We recently received a mailer from the opponents of county Measure D, the initiative that would prohibit new personal-use non-commercial heliports. What troubled us was the opponent’s rather sensationalistic assertion that Measure D would endanger people’s lives by prohibiting existing rescue and medical helicopter operations and flights. Yikes! Could this be true?
As evidence of this claim, the opponent’s mailer cited a footnote from an analysis of Measure D by an outside law firm. I thoroughly read the analysis, which is a long document with typical legal exposition of possible positive and negative legal implications of Measure D. In the footnote cited, the author speculates on the possibility that Measure D might be interpreted to apply retroactively to existing permitted medical helicopter operations, as personal non-commercial operations.
The use of this footnote to support opponent’s claims that Measure D presents a threat to pubic safety is highly misleading for three important reasons:
1. Helicopter rescues of stranded people are performed by the CHP and other public safety entities, not medical helicopters. CHP and other public safety helicopter operations are clearly exempt from the provisions of Measure D.
2. Measure D will not apply to medical helicopters, since these are neither personal nor non-commercial. I am afraid that the author of the cited footnote got this wrong. Having spent 40 years as an executive in the health care business, I know that most medical helicopter services in our area are owned and operated by commercial corporate enterprises. These firms charge handsomely for their lifesaving services with the intent of providing a financial return to their investors. Medical helicopters are neither “personal” nor “non-commercial”, so Measure D does not apply to them.
3. The footnote cited is used in a dishonestly misleading context: What the opponents of Measure D fail to mention is the conclusion in the body of the document, which states that even if someone attempted to interpret Measure D as retroactively prohibiting existing permitted medical helicopter uses, “ . . . existing County Code would require the County to interpret the initiative to prohibit only future authorization [emphasis added] by personal use air facilities in AV [agricultural] zones." In other words, even if someone claims that Measure D applies retroactively to medical helicopters, existing County Code would preclude this from happening.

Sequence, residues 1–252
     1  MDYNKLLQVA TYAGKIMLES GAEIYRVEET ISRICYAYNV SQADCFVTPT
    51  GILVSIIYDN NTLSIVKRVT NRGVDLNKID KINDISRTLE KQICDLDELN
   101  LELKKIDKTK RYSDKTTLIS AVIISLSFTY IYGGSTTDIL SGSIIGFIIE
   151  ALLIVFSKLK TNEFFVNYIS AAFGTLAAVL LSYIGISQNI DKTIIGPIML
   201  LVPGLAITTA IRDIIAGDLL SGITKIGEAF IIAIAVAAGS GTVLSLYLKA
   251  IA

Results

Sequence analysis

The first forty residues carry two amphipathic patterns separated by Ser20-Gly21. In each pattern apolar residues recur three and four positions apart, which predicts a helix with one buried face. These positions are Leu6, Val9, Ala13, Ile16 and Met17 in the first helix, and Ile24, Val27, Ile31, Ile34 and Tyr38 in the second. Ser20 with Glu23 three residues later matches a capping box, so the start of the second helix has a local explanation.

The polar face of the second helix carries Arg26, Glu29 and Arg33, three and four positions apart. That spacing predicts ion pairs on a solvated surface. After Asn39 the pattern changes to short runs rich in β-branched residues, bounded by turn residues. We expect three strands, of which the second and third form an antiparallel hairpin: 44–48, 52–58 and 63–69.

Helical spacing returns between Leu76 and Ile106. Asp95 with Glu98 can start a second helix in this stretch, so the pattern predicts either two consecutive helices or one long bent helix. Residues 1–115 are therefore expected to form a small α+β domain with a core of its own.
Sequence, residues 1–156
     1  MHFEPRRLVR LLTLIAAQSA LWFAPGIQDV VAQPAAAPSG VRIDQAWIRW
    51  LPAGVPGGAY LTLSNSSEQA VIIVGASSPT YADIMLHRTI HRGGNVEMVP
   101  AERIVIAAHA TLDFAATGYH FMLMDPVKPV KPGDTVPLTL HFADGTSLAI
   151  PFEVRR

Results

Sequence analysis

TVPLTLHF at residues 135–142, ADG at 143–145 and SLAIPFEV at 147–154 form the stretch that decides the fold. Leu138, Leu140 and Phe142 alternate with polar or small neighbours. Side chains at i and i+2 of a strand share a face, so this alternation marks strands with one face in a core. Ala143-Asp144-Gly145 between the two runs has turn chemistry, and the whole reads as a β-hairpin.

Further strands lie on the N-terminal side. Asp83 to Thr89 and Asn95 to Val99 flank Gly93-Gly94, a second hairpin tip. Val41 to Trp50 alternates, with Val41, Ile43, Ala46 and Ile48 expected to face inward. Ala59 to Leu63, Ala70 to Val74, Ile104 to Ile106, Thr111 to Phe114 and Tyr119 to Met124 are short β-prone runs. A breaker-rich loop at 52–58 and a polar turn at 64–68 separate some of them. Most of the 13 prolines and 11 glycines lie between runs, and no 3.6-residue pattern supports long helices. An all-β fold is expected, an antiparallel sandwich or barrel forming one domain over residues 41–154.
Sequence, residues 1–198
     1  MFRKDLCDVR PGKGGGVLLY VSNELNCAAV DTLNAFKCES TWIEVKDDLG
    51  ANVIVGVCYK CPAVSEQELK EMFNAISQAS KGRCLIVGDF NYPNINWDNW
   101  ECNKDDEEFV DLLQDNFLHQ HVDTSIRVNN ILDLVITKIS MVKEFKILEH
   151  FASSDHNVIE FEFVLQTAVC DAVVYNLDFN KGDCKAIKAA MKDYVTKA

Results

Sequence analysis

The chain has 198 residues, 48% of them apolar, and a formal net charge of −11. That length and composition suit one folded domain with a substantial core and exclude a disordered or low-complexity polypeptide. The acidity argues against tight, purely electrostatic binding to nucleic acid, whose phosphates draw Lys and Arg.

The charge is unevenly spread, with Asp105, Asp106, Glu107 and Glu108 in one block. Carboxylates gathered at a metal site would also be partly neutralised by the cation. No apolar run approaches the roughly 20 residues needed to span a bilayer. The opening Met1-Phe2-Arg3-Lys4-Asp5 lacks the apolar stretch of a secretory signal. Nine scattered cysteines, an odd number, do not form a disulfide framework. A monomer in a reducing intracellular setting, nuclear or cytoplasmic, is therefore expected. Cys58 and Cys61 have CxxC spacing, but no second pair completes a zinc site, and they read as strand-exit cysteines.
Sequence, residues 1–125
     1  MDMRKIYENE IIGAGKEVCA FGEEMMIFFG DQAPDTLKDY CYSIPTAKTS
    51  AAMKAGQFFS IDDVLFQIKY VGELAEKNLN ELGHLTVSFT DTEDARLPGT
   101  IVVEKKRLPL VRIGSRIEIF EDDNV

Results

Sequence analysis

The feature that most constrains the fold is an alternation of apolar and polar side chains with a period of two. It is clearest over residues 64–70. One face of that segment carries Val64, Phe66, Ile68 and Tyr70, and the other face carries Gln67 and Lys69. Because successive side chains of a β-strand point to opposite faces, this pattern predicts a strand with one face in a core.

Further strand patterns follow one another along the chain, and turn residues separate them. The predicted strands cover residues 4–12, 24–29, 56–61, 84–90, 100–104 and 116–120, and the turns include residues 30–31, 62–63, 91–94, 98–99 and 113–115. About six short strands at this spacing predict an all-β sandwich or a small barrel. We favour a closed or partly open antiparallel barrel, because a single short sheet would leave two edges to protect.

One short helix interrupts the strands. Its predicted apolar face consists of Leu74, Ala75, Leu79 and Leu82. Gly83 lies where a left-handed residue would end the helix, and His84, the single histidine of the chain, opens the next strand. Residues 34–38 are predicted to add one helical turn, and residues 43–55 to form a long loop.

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Since we seem to be living in a “post factual” world right now, perhaps the opponents of Measure D think that they can attempt to mislead voters with impunity. As President Lincoln famously said: “. . .you can’t fool all of the people all of the time.” So let’s not let the sensational, misleading, and self-serving messages from the opponents of Measure D fool us.
In 1968, the Napa County Board of Supervisors had the vision and courage to establish the Napa Valley Ag Preserve. Measure D is simply the logical and necessary extension of the Ag Preserve to prevent our beautiful Valley from being spoiled by the sound of helicopters operating from proliferating private non-commercial heliports.
And the really sad thing about all the time, money and effort spent on this controversy? Those who wish to use helicopters for personal non-commercial use have a ready and fully-compliant option: Fly from our existing airports. That is what they are there for.
Please vote Yes on Measure D.